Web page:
Thursday, 6 March 2014

DARPA Aims to Eradicate Counterfeit Components

Photo Courtesy of DARPA
The Defense Advanced Research Projects Agency (DARPA) are seeking proposals to develop a small (100 micron x 100 micron) component or dielet, that will authenticate the origin of electronic components and give 100% assurance against counterfeits. 

Over the past two years alone, over one million suspect counterfeit parts have been associated with known compromises of the defense supply chain. With both expensive and inexpensive electronic parts being targeted, counterfeit as well as suspect parts, present a critical risk to the Department of Defense (DoD), where a malfunction of a single part could lead to system failures that put lives and missions at risk.

The DARPA program, named Supply Chain Hardware Integrity for Electronics Defense (SHEILD), seeks to develop a component or dielet which will contain a full encryption engine, sensors to detect tampering and will readily affix to today's electronic components such as microchips.

The successful development of SHIELD technology will provide 100% assurance against common threats such as; recycled components that are sold as new, unlicensed overproduction, test rejects and sub standard components sold as high-quality, parts falsely marked, clones and copies and components that are repackaged for unauthorised applications.

“SHIELD demands a tool that costs less than a penny per unit, yet makes counterfeiting too expensive and technically difficult to do,” said Kerry Bernstein, DARPA program manager. “The dielet will be designed to be robust in operation, yet fragile in the face of tampering. What SHIELD is seeking is a very advanced piece of hardware that will offer an on-demand authentication method never before available to the supply chain.”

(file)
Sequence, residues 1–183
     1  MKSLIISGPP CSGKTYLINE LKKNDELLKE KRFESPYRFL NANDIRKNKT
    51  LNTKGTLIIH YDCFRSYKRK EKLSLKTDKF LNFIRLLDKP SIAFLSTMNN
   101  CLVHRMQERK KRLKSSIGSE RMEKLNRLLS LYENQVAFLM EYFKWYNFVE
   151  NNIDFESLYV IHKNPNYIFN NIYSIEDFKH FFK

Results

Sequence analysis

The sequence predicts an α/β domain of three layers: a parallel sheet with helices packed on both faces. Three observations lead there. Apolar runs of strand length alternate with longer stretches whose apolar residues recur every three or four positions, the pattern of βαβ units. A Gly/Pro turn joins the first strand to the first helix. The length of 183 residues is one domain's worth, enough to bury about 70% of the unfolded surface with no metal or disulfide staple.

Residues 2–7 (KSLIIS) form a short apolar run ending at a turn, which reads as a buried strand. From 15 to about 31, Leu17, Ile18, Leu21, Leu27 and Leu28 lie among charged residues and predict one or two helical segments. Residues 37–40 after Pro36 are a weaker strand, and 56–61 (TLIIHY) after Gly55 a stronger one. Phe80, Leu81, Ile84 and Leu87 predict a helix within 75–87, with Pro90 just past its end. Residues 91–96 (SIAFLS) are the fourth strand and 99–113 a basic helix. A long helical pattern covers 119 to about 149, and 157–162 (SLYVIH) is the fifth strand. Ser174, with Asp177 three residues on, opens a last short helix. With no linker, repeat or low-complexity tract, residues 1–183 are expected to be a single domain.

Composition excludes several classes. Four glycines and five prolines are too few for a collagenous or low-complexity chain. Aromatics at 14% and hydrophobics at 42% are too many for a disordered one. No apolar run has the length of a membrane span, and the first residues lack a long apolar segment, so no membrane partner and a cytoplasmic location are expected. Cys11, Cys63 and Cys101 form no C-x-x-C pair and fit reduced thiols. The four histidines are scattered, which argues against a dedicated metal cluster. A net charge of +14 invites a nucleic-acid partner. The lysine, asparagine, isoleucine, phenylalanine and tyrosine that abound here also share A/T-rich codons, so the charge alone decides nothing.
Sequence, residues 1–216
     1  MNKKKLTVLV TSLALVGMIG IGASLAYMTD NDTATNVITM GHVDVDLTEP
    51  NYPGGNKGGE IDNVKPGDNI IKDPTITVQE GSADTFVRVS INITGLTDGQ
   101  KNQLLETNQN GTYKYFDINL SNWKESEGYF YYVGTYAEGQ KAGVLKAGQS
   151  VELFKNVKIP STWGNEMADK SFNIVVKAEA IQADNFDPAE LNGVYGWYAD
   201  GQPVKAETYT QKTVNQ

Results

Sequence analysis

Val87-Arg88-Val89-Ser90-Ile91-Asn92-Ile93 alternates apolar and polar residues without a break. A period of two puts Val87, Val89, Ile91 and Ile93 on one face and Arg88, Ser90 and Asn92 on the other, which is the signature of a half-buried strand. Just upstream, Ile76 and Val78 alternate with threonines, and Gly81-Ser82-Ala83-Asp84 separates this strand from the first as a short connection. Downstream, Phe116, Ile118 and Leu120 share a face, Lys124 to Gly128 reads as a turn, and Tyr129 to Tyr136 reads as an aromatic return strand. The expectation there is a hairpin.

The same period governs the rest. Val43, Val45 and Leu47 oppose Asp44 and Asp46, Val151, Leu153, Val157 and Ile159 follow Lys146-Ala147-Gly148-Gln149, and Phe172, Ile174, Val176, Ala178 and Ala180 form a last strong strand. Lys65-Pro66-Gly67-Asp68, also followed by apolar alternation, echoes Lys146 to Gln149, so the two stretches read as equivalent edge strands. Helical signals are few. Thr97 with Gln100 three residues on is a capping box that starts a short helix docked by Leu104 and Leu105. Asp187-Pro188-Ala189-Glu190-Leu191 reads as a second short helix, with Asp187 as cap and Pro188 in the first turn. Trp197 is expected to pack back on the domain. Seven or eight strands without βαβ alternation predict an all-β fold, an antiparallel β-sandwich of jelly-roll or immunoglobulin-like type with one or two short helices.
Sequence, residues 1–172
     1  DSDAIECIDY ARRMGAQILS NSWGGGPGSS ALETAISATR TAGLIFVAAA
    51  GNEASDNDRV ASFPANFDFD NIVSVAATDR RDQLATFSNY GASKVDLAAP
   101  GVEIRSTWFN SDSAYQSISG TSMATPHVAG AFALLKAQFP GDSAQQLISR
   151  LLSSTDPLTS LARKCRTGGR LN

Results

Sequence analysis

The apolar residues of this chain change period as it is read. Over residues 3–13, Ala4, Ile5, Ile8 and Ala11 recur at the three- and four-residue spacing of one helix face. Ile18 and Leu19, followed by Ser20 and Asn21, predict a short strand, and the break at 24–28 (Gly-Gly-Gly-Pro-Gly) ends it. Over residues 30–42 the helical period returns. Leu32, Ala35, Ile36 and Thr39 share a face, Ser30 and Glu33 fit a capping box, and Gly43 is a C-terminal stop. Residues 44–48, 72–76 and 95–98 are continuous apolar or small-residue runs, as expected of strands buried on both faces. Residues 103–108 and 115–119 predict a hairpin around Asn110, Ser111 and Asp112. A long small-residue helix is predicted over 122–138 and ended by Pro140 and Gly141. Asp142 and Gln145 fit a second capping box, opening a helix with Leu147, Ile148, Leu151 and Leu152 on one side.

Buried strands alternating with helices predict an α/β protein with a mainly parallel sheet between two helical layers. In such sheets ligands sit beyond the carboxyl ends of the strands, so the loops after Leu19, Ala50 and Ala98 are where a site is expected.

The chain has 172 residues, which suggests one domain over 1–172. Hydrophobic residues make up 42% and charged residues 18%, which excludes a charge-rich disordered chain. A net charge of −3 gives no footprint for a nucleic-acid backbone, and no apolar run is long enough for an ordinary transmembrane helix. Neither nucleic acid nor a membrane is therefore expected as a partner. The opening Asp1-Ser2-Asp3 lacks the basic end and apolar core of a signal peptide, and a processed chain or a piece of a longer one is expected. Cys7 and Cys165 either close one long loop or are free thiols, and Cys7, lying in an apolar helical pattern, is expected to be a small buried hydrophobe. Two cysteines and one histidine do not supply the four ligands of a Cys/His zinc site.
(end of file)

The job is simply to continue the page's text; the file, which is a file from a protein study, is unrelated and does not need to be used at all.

The dielet will be inserted into the electronic component's package by the manufacturer, or affixed to existing trusted components, without any impact on its design or reliability. There will be no electrical connection between the two. Authenticity testing could then be done anywhere with a handheld probe, or an automated one for larger volumes. Probes will need to be close to the dielet for scanning. After a scan, an inexpensive appliance (perhaps a smartphone) uploads a serial number to a central, industry-owned server. The sever then sends an unencrypted challenge to the dielet, which sends back an encrypted answer and data from passive sensors - like light exposure - that could indicate tampering.

DARPA will be hosting a Proposers' Day Workshop in support of the SHIELD program, which will be held on 14th March 2014. For more information and to read the article in full, please visit the DARPA website.

Visit the Atlantis Electronics website to view our Counterfeit Policy.

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